WILLOWS, Calif. — Drought in California’s Sacramento Valley will likely reduce rice planting this spring, although growers have yet to determine how much.
With nearly a month to go before planting, growers are waiting to see how much rain will continue to fall, the degree to which they can rely on groundwater and whether prices are enough to offset added pumping costs, CEO Tim Johnson explained recently on the California Rice Commission’s blog.
“It’s hard to gauge because every water agency has different rules,” said Marysville, Calif., grower Charley Mathews, the rice commission’s immediate past president.
“It’s all over the board,” he said of the water growers expect from their water districts. “I have a friend of mine who’s at zero and expects to stay at zero. I hear a lot of 50 percent. It should have an impact on acreage.”
Fortunately, the price for medium-grain rice has risen on the expectation that fewer acres will be planted in California this year, so “if growers have water, they’ll plant rice,” Mathews said.
Grower Larry Maben expects to farm about 600 of his 800 rice acres here, he said. He’s in the Glenn-Colusa Irrigation District, which expects to receive 40 percent of its annual federal water from the Sacramento River as a senior rights holder.
“I’ve got a couple of wells that I’m trying to get up and running” to augment the drastically reduced surface water, he said.
Rice producers planted about 550,000 acres last year and anticipated about 46.1 million hundredweight from their most recent harvest, up 2 percent from 2012, according to the USDA’s National Agricultural Statistics Service.
Industry leaders fear a significant drop in acreage could devastate the economies of rice-dependent communities. The California Farm Bureau Federation cites a Texas A&M University study that found the state’s rice farmers and mills provided nearly 25,000 jobs and more than $5.4 billion to the state’s economic output in 2009.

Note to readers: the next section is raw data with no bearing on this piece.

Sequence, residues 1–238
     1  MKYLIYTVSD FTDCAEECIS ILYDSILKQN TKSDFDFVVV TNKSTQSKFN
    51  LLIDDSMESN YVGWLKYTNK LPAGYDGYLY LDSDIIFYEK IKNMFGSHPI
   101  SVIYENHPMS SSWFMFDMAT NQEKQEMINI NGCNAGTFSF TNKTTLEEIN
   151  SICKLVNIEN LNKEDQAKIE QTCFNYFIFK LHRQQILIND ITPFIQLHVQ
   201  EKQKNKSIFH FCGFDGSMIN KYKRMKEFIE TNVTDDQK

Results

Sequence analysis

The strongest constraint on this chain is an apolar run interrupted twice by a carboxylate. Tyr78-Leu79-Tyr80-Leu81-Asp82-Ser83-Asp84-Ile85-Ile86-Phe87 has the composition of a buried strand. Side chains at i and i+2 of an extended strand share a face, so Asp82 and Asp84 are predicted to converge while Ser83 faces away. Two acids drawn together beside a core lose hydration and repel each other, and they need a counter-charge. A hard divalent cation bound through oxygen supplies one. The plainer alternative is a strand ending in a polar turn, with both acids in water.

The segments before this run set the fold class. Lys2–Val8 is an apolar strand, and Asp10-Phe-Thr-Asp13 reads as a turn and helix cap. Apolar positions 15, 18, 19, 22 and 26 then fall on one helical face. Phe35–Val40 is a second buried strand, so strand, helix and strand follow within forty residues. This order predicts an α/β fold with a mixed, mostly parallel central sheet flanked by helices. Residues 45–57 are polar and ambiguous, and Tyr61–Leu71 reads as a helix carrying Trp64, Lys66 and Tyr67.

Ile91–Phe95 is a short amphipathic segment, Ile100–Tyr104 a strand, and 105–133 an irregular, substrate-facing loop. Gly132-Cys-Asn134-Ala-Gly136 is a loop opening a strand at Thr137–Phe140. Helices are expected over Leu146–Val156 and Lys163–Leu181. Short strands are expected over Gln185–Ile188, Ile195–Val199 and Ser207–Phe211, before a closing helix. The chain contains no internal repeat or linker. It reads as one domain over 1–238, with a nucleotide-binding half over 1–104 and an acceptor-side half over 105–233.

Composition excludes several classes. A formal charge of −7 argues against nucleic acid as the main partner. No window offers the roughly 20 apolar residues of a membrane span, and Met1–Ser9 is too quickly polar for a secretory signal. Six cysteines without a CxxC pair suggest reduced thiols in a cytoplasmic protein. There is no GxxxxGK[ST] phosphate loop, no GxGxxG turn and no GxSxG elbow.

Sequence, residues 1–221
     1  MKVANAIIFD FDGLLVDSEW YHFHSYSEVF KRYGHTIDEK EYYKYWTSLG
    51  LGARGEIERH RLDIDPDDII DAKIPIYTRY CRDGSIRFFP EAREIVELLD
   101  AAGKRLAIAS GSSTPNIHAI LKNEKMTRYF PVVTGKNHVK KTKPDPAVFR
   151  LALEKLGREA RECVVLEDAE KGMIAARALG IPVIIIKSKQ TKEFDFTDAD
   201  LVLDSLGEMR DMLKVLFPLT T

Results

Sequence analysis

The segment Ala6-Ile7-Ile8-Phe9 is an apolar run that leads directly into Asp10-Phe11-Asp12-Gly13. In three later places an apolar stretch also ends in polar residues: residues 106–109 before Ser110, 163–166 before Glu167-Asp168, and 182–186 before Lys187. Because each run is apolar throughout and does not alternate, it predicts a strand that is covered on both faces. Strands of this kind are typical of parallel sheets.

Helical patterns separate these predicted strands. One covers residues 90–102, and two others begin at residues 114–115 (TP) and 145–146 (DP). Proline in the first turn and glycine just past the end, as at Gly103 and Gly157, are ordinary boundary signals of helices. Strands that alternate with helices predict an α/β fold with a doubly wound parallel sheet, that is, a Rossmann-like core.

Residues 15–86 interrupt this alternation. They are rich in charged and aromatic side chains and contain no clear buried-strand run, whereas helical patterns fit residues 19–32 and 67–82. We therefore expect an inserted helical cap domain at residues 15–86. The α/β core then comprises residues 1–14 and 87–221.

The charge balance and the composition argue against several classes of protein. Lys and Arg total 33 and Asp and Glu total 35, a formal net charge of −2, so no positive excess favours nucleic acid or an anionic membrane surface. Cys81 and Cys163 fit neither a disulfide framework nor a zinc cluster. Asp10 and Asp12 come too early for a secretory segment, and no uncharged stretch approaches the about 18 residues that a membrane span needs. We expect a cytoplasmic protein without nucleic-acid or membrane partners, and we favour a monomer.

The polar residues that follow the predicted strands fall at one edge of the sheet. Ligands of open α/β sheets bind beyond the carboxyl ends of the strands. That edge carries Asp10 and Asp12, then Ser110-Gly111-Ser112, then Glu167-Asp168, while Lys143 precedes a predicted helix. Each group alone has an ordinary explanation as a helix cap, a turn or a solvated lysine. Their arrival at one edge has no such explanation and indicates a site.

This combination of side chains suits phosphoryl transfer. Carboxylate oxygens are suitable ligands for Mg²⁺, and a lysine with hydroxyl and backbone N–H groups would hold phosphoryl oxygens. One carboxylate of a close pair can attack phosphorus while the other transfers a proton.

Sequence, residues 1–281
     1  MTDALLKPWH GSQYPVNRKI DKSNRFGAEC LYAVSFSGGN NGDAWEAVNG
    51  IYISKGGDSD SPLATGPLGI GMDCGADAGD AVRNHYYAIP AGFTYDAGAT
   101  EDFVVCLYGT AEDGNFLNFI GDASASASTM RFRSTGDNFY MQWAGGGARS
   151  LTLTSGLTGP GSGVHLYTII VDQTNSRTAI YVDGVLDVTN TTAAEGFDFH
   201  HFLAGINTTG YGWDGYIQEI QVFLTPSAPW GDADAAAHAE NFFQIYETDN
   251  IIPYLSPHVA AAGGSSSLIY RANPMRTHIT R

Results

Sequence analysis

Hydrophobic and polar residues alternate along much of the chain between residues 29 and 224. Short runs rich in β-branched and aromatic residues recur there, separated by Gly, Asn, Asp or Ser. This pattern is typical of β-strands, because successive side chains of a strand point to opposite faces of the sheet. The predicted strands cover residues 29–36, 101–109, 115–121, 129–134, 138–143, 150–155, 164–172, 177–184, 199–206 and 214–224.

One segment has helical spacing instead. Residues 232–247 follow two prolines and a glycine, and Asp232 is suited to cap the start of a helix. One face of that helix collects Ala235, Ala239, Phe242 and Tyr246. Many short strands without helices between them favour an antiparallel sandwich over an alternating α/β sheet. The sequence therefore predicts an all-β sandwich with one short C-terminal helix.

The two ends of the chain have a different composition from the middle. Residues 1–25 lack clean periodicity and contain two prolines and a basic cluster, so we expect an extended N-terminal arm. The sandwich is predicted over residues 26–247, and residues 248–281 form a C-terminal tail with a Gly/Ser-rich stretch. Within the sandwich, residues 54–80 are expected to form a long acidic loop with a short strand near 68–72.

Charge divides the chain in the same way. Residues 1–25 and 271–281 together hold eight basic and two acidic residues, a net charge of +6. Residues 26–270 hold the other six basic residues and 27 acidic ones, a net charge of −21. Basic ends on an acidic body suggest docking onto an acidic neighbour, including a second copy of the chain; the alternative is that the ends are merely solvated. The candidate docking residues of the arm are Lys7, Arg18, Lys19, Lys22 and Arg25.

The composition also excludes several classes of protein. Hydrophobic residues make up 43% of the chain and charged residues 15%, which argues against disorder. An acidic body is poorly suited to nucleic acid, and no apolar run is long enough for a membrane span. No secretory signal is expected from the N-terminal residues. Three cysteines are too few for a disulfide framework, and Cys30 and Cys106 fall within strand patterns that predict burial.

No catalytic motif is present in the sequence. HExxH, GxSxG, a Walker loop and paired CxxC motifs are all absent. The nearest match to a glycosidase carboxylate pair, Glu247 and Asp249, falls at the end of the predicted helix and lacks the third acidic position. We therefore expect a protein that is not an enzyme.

Rice commission officials want state and federal water allocators to remember that rice fields contribute to valuable wetlands for Pacific Flyway waterfowl and shorebirds. Commission members Paul Buttner and Mark Biddlecomb, a regional operations director of Ducks Unlimited, blogged recently that about 57 percent of wetlands in the Sacramento Valley rely on rice drain water and about 60 percent of food for wintering waterfowl comes from flooded rice fields.
“It’s an important point,” Mathews said. “We always refer to ourselves as the environmental crop. … Hopefully when they do the allocations, they take into account the need for winter flooding.”
However, Maben is skeptical that the argument will make a difference.
“There’s too many other calls for water,” he said. “There will be enough rice planted that we’re going to have acreage for waterfowl and shorebirds. It’s just going to be on a more concentrated basis.”
California Rice Commission: http://www.calrice.org